Lunar Voices (On the Solar Wind)
Nicks’s story is the winning entrant in our Accessible Futures Contest.
The lunar rover rolled to a halt in the shadow of Shackleton crater and a chill entered Phulani’s bones. His suit had registered a drop of 250 degrees Celsius on his visor display within just a few minutes. He could well imagine the sparse, rare ice locked within the crater’s frigid soil the other side of these walls, gradually being mined and piped back to Base.
But the full extent of the temperature gauge crash had locked his throat with shock, he couldn’t even speak.
Baines could: “Give your suit time to adjust. They’ve built these bastards well.”
Phulani’s helmet-lamp kicked in, bringing the person in the spacesuit next to him out of the darkness. He could spot the Scottish Soltaire stitched in the left side and could just about make out her name underneath, perhaps because he knew it already and knew it well, Mary Patrick.
Baines himself sat at the front, the driver and always in control, a voice crackling out of the dark: “We’re out of radio com from Base now, as we haven’t got any satellite relays in lunar orbit yet. Just listen…”
Phulani wanted to say something to Baines, anything that would get an affirming response, an acknowledgement. He felt very much a raw novice. But he could think of nothing impressive to say, so he reluctantly kept quiet…and listened.
There was nothing to hear in that long empty silence.
Absolutely no sound. The silence seemed to want a voice, shrilling in his eardrums like a thin static radio whine. Perhaps it was a sub-threshold crackle in their interpersonal communication system or perhaps it was just his ears straining for a sound, any sound?
His lamp picked out the stiff, aloof back of Baines’ sitting suit, and he noticed his helmet was craned back, as if Baines was searching the sky. Involuntarily, he slowly arched his own neck too, joints in the articulated neck-piece attached to his helmet groaning in his ears, although he knew no noise could be relayed in this frigid vacuum. It was then that he saw them.
Thousands of sharp, brightly coloured stars, spattering across his vision, ice cold and crisp, red, yellow, blue. Not flickering, but steady, piercing, and skewering something inside him, so that he almost winced with pain. Old light, many of those stars millions of years old, but burning so brightly still in this ongoing, empty darkness.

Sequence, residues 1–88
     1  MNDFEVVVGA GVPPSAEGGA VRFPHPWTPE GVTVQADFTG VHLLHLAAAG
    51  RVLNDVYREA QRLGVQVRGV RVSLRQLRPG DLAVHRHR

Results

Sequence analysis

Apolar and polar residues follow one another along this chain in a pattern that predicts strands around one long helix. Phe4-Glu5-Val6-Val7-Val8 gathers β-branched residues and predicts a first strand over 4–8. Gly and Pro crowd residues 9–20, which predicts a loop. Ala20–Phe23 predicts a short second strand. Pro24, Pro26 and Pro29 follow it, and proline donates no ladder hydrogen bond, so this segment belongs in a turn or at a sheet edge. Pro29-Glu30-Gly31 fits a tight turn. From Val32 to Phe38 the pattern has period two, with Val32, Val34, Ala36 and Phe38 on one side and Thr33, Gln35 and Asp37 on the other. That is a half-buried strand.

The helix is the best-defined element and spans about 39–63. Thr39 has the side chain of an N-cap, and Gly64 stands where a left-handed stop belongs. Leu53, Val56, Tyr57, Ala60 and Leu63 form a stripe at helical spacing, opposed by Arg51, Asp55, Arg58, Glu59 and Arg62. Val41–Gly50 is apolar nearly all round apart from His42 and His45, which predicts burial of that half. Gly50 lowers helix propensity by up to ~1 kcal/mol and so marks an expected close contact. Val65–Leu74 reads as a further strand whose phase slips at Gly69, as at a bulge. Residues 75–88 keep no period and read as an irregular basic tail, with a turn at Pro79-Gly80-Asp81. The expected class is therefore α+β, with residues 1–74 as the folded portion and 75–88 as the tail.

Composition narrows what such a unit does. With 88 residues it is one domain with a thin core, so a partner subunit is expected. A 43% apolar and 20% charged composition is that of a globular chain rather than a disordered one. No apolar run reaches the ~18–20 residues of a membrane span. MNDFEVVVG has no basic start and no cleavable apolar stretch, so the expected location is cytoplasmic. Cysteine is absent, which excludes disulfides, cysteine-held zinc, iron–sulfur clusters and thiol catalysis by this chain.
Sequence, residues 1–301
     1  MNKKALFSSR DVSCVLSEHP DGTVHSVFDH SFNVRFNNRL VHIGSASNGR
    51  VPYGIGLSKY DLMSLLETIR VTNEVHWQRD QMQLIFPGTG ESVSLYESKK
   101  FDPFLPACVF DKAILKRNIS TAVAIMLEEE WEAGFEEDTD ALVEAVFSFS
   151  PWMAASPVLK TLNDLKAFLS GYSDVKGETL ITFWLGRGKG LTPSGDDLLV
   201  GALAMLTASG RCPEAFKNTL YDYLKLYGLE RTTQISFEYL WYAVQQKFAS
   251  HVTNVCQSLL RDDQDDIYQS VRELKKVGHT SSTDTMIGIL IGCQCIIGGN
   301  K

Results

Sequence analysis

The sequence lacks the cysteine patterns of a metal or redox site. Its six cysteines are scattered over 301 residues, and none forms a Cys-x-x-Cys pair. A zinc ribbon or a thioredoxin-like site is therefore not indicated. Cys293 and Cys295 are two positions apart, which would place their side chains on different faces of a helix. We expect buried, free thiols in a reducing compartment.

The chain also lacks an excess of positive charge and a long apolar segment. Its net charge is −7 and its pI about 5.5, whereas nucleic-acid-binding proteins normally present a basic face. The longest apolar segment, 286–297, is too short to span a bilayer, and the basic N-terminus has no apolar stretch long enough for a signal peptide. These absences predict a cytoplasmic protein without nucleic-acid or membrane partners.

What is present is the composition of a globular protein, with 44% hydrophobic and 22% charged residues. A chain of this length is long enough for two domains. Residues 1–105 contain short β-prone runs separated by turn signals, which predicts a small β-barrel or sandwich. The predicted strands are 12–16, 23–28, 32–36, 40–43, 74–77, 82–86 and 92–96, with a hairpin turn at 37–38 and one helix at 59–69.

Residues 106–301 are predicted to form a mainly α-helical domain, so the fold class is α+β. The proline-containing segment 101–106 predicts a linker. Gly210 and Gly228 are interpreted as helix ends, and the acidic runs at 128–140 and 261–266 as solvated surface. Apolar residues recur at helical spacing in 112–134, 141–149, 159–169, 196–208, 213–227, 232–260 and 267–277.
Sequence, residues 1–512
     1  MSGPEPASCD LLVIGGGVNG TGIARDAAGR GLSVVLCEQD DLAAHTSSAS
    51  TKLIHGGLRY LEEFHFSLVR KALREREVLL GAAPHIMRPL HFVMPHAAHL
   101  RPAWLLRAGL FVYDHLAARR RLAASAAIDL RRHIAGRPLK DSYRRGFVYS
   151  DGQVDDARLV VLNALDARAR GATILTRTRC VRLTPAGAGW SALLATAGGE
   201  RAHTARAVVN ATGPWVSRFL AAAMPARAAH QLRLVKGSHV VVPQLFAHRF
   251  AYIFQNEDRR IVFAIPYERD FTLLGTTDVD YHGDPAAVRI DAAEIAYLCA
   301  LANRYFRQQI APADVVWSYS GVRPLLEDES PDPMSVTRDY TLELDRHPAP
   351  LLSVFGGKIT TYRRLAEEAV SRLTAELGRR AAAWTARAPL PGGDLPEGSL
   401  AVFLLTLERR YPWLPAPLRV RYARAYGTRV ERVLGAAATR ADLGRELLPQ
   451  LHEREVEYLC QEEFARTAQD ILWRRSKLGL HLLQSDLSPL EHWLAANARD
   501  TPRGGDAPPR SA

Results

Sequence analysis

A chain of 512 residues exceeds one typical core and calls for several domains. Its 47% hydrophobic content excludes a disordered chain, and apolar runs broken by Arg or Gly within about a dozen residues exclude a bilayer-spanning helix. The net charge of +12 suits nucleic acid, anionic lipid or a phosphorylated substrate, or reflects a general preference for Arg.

A flutter of two green electronic hands washed across his visor’s com display top right – Mary had clicked her suit and British Sign Language (BSL) words formed from scalp electrodes reading her brain, registering her holographic visualisation of how she intended to move her hands.
He didn’t need to read the tiny text translation below those flurrying hand shapes. Baines needed that, he didn’t.
Beautiful, burning now, both before we be and after we be, yet not caring *if* we be.
(Holographic hands had glowed on ‘if’, as if emphasising the word.)
Mary was looking up at the stars too. He half-wished he could touch her real hand, so well had she signed some of the thoughts that danced around his own. But there was not even a hint of his other thoughts there, so he kept his gloves to himself. He knew it was crazy, but still he also had a sense of Heavenly Cattle feet tramping the sky, opening up holes of starry light, a way through to iNkosi yaphezulu, Lord-of-the-Sky. That had been grandfather’s favourite story, dead grandfather’s favourite story, ukuhamba dead grandfather, who continues on.
But he had to forget those stories. Science alone would keep him alive on this dead and dusty world.
“There!” Baines pointed to the right, rupturing Phulani’s silence and his thoughts. Phulani spotted a particularly bright red-orange star, but Baines rattled on without pausing: “Mars. If you’re lucky, you’ll be chosen to go there. But first you still need to show us what you’re made of – and that you can manage this silence and isolation.”